I continue to be amazed at the amount of work and expertise that is required for me to have the things that I have without taking them for granted every day. Ever since starting the Embrew project began, I’ve been focused on understanding where the food I eat, the clothes I wear and in general, where the products I consume, originate. Discovering the hidden processes, countries of origin, along with the number of hands and machines that touch the goods we buy everyday can be cumbersome and depressing at times. There are a lot of documentaries out there that show you some of the terrible parts of product manufacturing and farming practices, which has solidified our stance as a company to be as transparent as possible about what goes into our products. Even after learning the complexities of tea growing and processing over the past few years, I was still surprised at the nuances of farming the lavender that goes into our tea.
Embrew is dedicated to shortening the supply chain and being as knowledgeable as we can about the source of our products so that we can share the stories of the people who have a hand in helping grow and process them. So, it was my pleasure to interview the man at the source of one main ingredient in our Lavender Chamomile Kick, Mr. Victor Gonzalez, the owner of Victor’s Lavender in the Sequim-Dungeness Valley of Washington State. Sequim is known as the "Lavender Capitol of North America" because of its perfect micro-climate and there are more than a dozen farms within a few miles of each other. Victor opened my eyes to the difficulty in growing, propagating and building a business out of the lavender plant, which was never actually supposed to be his livelihood or occupation.
How Victor Ended Up In Washington
He is originally from Mexico where he grew up on a family farm and as a young boy moved to California with them to work in the fields. It didn’t take long for them to realize that it was too hot, so they picked up and went to live in Washington. Fast forward a few years and he moved on to landscaping for farms and soon linked up with a network of farmers who began traveling to Europe to bring back plants for local agricultural programs.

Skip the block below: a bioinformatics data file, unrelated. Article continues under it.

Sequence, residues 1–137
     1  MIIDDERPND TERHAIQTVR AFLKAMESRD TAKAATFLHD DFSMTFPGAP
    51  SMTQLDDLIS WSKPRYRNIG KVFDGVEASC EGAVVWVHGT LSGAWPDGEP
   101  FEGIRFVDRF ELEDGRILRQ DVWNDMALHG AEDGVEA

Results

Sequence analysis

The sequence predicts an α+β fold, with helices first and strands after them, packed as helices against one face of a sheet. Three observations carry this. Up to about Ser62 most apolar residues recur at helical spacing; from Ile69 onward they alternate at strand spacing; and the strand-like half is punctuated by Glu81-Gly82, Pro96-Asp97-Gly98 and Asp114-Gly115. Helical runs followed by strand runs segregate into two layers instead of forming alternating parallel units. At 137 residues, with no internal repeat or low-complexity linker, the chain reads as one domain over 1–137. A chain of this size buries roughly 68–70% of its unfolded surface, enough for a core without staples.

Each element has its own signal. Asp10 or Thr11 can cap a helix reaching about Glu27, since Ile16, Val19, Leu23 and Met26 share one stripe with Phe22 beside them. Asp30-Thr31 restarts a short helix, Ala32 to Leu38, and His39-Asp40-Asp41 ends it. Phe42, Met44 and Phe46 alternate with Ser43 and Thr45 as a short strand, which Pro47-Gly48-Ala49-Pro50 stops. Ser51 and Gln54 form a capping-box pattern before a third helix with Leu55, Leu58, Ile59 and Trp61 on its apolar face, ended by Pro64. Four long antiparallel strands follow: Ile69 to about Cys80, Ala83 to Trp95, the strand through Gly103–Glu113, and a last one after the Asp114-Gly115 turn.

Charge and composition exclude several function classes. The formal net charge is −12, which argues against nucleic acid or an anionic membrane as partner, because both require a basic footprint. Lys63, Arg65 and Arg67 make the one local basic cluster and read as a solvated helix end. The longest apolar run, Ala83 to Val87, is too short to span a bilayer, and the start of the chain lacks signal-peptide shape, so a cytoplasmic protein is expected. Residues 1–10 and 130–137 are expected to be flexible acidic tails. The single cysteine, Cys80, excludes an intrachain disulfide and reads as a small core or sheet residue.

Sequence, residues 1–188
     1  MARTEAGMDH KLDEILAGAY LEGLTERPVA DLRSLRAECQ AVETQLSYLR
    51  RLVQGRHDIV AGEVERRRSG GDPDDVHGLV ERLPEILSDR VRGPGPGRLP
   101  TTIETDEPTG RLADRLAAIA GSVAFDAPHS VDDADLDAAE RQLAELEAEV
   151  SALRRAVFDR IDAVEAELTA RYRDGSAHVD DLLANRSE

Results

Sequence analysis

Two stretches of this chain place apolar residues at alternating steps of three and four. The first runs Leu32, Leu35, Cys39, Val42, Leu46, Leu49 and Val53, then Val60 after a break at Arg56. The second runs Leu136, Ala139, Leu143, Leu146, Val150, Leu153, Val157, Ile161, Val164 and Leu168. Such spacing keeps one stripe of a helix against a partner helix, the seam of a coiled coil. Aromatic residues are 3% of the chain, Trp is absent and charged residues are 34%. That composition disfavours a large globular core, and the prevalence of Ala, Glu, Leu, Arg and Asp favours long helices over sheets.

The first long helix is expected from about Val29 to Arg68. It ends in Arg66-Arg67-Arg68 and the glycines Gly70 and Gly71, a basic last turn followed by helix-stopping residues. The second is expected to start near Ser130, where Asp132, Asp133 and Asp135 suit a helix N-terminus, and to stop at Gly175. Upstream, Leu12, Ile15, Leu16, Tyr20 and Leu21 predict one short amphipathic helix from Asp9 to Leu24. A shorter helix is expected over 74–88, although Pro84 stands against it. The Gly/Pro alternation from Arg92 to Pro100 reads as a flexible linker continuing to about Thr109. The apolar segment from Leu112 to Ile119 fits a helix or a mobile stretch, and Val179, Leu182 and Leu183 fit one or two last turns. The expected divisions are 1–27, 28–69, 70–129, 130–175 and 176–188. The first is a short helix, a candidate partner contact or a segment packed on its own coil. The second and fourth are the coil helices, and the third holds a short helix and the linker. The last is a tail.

A fellow farmer brought back some lavender plants and asked Victor if he could grow lavender. His response: “What is lavender? Oh, sure, I can grow tomatoes so, yeah, I can grow lavender.” Spoken like a true entrepreneur. But when it came down to it, lavender wasn’t like tomatoes at all, it turned out. He sought help from universities and other growers, but with a fairly new industry, he was embarking on new territory. Thousands of mistakes and an immeasurable amount of trial and error later, Victor started to get it right. After a steep learning curve, he began to understand the best conditions to grow, how to propagate and develop new varieties of lavender in a fairly new industry for this country. Every variety is different. Some take longer to root, each type grows and flowers in different times of the year, but with every mistake was a critical piece of information that shaped his expertise.
Eventually, he began selling his plants to other farmers, building what is now a thriving wholesale and retail industry. However, with each plant he sold, he was creating competition so he had to differentiate himself somehow. This is when he began to follow the plants after he sold them so he could study them, work with new varieties that grew better in those specific conditions and be the expert in the plant no matter the location. After propagating more than 100 types of lavender, he’s moved beyond just growing and now also has an education series on DVD and earns a living coaching and mentoring other lavender farmers. Victor has sold more than 1,000,000 plants all over North America and travels throughout the world teaching farmers, including those just starting a farm, how to grow lavender and make it a profitable crop.
When I asked Victor if he keeps record of all that he’s learned over the years and catalog the studies and findings, he said most is really just in his head. I laughed at that and totally understood.
Is The Lavender Organic?
What he continued to tell me was that lavender is grown organically even without the certification. It doesn’t require any special pesticides, herbicides or fungicides because the plans are not prone to these common agriculture problems. He confirmed that he and most other lavender farmers don’t use any chemicals at all because they aren’t necessary. The land is naturally prepped beforehand with nutrient rich crops and then the lavender is planted and essentially untouched for 10-15 years except for harvesting. If you grow the plants in the right conditions in the proper soil, there is no need for any chemicals or fertilizers.
Victor is a true master of his trade and I found him to be endearing, truly devoted to his plants and am proud to source our lavender from him knowing the dedication he has to the land, his plants and the Gonzalez family business.